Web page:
So it's exactly like PSLF except you were enrolled in a payment program that doesn't qualify for PSLF. Like one of these:

                      Graduated Repayment Plan, Extended Repayment Plan, Consolidation Standard Repayment Plan, and Consolidation Graduated Repayment Plan.

                      In addition, you must have padi at least as much as you would have paid under a qualifying IDR:

                      You will be eligible for the TEPSLF opportunity only if, among other requirements, the amount you paid 12 months prior to applying for TEPSLF and the last payment you made before applying for TEPSLF are at least as much as you would have paid under an income-driven repayment plan. FedLoan Servicing will assess this and contact you if they need documentation of your income to determine whether you are eligible.
                      Helping those who wear the white coat get a fair shake on Wall Street since 2011

                      Comment


                      • #12
                        Only a perfect storm type of scenario require both luck and careful attention to detail would have qualified a loaner for PSLF during the audited period. So despite the doomsday attention grabbing headlines of this article and similar pieces put out by reputable news sources, it's truly not a surprise that only 1% failed.

                        Over the next couple of years, the percentage of applicants who actually qualify will start climbing. Whether or not they get loan forgiveness will be the real test.

                        Hopefully all this premature outrage doesn't actually incit a government response resulting in cancellation of the program.

                        Comment


                        • #13




                          The Consolidated Appropriations Act, 2018 ...

                          You will be eligible for the TEPSLF opportunity only if, among other requirements, the amount you paid 12 months prior to applying for TEPSLF and the last payment you made before applying for TEPSLF are at least as much as you would have paid under an income-driven repayment plan. FedLoan Servicing will assess this and contact you if they need documentation of your income to determine whether you are eligible.
                          Click to expand...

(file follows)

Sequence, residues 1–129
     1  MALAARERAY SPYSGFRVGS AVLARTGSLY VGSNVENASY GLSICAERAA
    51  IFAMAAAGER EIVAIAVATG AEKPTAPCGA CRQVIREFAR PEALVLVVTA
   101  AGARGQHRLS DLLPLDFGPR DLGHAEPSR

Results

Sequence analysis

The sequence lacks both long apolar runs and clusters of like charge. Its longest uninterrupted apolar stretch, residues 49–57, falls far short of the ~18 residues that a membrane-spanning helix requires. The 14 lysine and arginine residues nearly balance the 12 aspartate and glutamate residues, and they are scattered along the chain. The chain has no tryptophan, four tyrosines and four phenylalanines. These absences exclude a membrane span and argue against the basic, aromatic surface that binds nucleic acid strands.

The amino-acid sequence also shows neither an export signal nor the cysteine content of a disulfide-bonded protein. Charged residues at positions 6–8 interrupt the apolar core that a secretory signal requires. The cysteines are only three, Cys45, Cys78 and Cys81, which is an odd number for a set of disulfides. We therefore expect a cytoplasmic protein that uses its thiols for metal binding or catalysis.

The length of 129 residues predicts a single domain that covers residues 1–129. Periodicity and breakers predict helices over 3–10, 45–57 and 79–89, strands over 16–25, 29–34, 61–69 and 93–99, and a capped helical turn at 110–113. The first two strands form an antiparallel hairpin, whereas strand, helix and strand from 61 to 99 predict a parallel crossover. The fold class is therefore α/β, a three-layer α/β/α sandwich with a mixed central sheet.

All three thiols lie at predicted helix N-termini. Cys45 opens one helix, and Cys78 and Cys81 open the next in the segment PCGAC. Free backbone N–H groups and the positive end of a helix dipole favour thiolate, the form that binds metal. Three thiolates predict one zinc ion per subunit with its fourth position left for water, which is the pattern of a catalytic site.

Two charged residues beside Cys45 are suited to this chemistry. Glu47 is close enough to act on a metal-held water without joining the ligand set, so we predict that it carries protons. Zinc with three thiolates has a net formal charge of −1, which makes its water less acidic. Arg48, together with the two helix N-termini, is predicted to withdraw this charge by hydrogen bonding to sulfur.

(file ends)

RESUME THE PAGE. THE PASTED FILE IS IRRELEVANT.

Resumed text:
That's actually the point of the NPR piece.  They were just unclear by mixing the two stories -- which is ironic as the many same mistakes are made.

                          TEPSLF itself is rejecting an equally high percentage of applicants -- the very ones that was meant to save from the PSLF rejections.  One of the typical bureaucracy requirements -- You had to submit proof of rejection from PSLF itself first (like PSLF is primary insurance and TEPSLF is secondary).  Like Dept of Education doesn't already know that status, but needed proof of rejection regardless.   71% applicants got wiped out simply based on this one criteria.

                          So all this reporting is actually new stuff on the new program.  Just sadly the same result in many ways. 

                           

                          I do anticipate the % approved will rise as a fix will be made for #1 bucket and be somewhat automated rejection status verified.   Actually kind of hard to move the bar much lower.

                           

                          Agree that PSLF and TEPSLF are worthy and attempts to do right - just so sad our Dept of Education makes our Health Insurance people look like nice easy to work with auditors.

                          Comment


                          • #14







                            Only a perfect storm type of scenario require both luck and careful attention to detail would have qualified a loaner for PSLF during the audited period. So despite the doomsday attention grabbing headlines of this article and similar pieces put out by reputable news sources, it’s truly not a surprise that only 1% failed.

                            Over the next couple of years, the percentage of applicants who actually qualify will start climbing. Whether or not they get loan forgiveness will be the real test.

                            Hopefully all this premature outrage doesn’t actually incit a government response resulting in cancellation of the program.
                            Click to expand...